The production and sale of automobiles has been one of the bedrock industries of the global economy for generations, but sadly nothing lasts forever. Recently, a number of Wall Street cognoscenti have begun warning that the world has reached “peak car.” The implications for national economies are staggering.
“The pain is just beginning,” Masataka Kunugimoto, an analyst for Nomura, “We now expect global auto demand to be down 3%,” YOY in 2019 he told clients recently, according to a report by Business Insider. He has plenty of company among his peers in the world of finance.
“The industry is right now staring down the barrel of what we think is going to be a significant downturn,” John Murphy from Bank of America told a conference last week. The decline of sales in China “is a real surprise,” he added.
Michelle Meyer and Anna Zhou, also from Bank of America, agree. “In our view, the peak in auto sales is clear. A core view of John Murphy, our auto equity analyst, is that the auto cycle has peaked. And he expects further slowdown. He sees new auto sales heading lower largely due to a tidal wave of used vehicles which “depresses the prices of used vehicles.”
Their colleague Ethan Harris feels the same way. “There is a negative narrative developing in the auto sector as inventories climb amid softening demand. Inventory for light trucks and SUVs has been climbing to uncomfortably high levels.” Uh oh. Those are the very vehicles US manufacturers rely on to maintain their profitability. You think Tesla is in trouble? Look around. The situation in the broader industry is much worse.
For instance, the Society of Motor Manufacturers & Traders in the UK reported recently that total car production in the UK was down 45% compared to last year in April. Commercial vehicle exports collapsed a staggering 89%. Part of that is attributable to the financial turmoil created by the Brexit brouhaha and part can be traced to a surge in new car sales in advance of new rules for measuring auto emissions. But no matter what reasons are trotted out to explain the decline, the news is bad and getting worse.
The Death Of Diesel, The Rise Of TaaS
Analysts are warning clients that diesel sales will collapse into a small niche as their polluting exhausts are regulated out of existence. Petrol/gasoline vehicles will be next, as governments in Europe and the United States set dates for manufacturers to switch their models to electric. (Well, not in the US so much so long as the Trumpies are in power and wielding their sledgehammer against government regulations.)
Furthermore, as transportation as a service, on-demand services like Uber and Lyft grow, more people will decide they no longer need to own a car of their own. Why would they when it’s cheaper to ride around in someone else’s car than buy or lease one of your own?
Less Cars, Less Jobs
The decline in auto manufacturing is having an effect on employment. Honda is closing its factory in Swindon, England, resulting in the loss of 3,500 jobs. Automakers cut 38,000 jobs globally in the past six months, according to Bloomberg. Ford announced recently it is eliminating 7,000 workers, most of them salaried employees.
Bank of America has published a research note recently which warns the auto industry is “shifting from second gear to reverse.” It says, “A weakening in the auto cycle will serve as a drag to the economy. There are a few channels by which the decline in autos will impact GDP. Autos influence GDP through consumer spending and production, with inventories serving as the residual between what is produced and sold.”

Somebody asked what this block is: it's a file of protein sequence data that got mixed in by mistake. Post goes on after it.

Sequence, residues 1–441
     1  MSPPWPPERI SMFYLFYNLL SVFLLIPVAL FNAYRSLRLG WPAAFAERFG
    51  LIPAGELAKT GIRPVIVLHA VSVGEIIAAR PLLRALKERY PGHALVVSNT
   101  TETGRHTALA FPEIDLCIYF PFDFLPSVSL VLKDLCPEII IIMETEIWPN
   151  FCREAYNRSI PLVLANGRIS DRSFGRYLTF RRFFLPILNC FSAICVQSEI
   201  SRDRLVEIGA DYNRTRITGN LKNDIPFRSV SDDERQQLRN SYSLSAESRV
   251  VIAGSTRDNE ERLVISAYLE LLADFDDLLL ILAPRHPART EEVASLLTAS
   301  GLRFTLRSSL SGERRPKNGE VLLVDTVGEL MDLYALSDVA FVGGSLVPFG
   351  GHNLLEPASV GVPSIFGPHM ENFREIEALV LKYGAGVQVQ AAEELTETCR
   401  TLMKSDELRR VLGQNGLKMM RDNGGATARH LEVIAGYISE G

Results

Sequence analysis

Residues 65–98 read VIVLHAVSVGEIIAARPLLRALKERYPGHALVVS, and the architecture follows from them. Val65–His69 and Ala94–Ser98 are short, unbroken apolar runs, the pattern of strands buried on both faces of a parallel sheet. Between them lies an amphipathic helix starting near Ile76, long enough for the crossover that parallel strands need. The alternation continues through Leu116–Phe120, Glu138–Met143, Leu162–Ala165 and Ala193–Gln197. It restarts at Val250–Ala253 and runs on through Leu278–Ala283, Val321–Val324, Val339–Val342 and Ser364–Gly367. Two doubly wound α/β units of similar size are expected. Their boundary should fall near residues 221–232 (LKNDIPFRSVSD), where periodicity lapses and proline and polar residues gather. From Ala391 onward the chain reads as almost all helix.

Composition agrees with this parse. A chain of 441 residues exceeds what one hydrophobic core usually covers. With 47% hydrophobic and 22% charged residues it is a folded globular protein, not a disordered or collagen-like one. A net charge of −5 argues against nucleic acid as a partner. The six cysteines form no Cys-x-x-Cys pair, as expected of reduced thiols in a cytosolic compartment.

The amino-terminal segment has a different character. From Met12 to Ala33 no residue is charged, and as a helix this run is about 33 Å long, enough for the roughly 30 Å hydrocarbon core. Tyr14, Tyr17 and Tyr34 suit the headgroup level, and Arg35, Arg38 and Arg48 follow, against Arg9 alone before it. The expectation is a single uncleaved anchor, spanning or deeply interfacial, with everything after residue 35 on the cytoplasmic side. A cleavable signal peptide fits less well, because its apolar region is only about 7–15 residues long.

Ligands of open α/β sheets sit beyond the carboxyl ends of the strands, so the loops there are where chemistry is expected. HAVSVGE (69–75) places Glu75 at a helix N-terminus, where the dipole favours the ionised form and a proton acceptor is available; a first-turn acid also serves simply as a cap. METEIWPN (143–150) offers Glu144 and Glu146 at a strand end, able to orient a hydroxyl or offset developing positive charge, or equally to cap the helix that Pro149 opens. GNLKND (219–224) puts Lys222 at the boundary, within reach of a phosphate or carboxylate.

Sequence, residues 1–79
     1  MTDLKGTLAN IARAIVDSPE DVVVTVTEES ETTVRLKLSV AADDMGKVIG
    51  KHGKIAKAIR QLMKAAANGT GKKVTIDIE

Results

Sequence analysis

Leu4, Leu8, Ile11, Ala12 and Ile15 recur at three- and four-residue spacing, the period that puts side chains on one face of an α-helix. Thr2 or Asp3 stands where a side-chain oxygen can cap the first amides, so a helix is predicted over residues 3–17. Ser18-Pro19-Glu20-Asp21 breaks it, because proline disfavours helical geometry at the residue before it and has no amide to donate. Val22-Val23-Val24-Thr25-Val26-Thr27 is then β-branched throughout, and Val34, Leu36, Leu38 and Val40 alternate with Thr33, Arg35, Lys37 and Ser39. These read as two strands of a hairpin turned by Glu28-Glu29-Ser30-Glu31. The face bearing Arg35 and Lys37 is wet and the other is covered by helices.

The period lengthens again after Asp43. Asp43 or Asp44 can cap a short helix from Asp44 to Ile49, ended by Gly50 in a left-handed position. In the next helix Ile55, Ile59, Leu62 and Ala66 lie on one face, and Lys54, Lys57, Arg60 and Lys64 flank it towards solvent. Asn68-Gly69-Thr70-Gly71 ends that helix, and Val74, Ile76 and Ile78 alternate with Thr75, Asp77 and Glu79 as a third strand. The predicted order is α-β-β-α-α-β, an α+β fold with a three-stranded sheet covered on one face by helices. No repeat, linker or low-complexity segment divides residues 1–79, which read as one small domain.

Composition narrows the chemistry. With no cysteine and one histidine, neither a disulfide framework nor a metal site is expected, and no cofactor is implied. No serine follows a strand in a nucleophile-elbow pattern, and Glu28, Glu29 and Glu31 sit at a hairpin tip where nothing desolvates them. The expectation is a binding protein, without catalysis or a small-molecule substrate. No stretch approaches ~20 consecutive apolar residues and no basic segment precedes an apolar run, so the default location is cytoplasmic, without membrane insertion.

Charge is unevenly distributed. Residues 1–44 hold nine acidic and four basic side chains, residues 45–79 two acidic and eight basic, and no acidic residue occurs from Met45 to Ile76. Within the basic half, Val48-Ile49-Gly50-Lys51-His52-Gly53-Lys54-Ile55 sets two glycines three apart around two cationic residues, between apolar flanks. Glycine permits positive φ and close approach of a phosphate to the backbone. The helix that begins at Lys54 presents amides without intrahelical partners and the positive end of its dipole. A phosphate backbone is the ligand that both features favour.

BoA continues, “When sales weaken, it will lead to weaker consumer spending. Motor vehicle production is already on course to be a drag this year, slicing 0.14pp [percentage points] from 1Q GDP growth. We expect it to cut nearly 0.2pp to annual growth this year. Relative to last year, that is a reversal of 0.4pp.”
The decline won’t be total. Cars won’t go the way of the horse and cart, claims Business Insider. More likely the aftermath of “peak car” will look like the television business — a long, slow decline that takes years to play out. “It doesn’t feel great but it is manageable,” Bank of America’s research team says.
What does “manageable” mean? Already we are seeing the signs of consolidation within the industry, with automakers seeking strategic partnerships to lower product development and manufacturing costs. Ford and Volkswagen are talking about electric trucks. FCA and Renault are considering a merger, one that may or may not include Nissan. Rumors are rampant about a Ford/GM merger.
New technologies over the past decade have made car companies less about manufacturing and more about assembling components sourced from suppliers around the world. For every job in manufacturing, there are 2 to 3 more in supporting industries such as supply, sales, banking, and marketing.
“Manageable” probably means company executives will concentrate on preserving their enormous compensation packages instead of addressing the structural issue that are leading to the slow down in auto sales. One thing we can be sure of is the industry 10 years from now will look a lot different than it does today, with a lot of companies in business today gone, joining the ranks of Plymouth and Pontiac as car companies that used to be but are no more.
The only constant in life is change despite the fervent wishes of many that things should stay the same forever. Kodak, Nokia, Xerox, and IBM are four companies who never saw the changes coming. Which car companies will be next to experience the process of “creative destruction” that forms the basis of capitalism as we know it?
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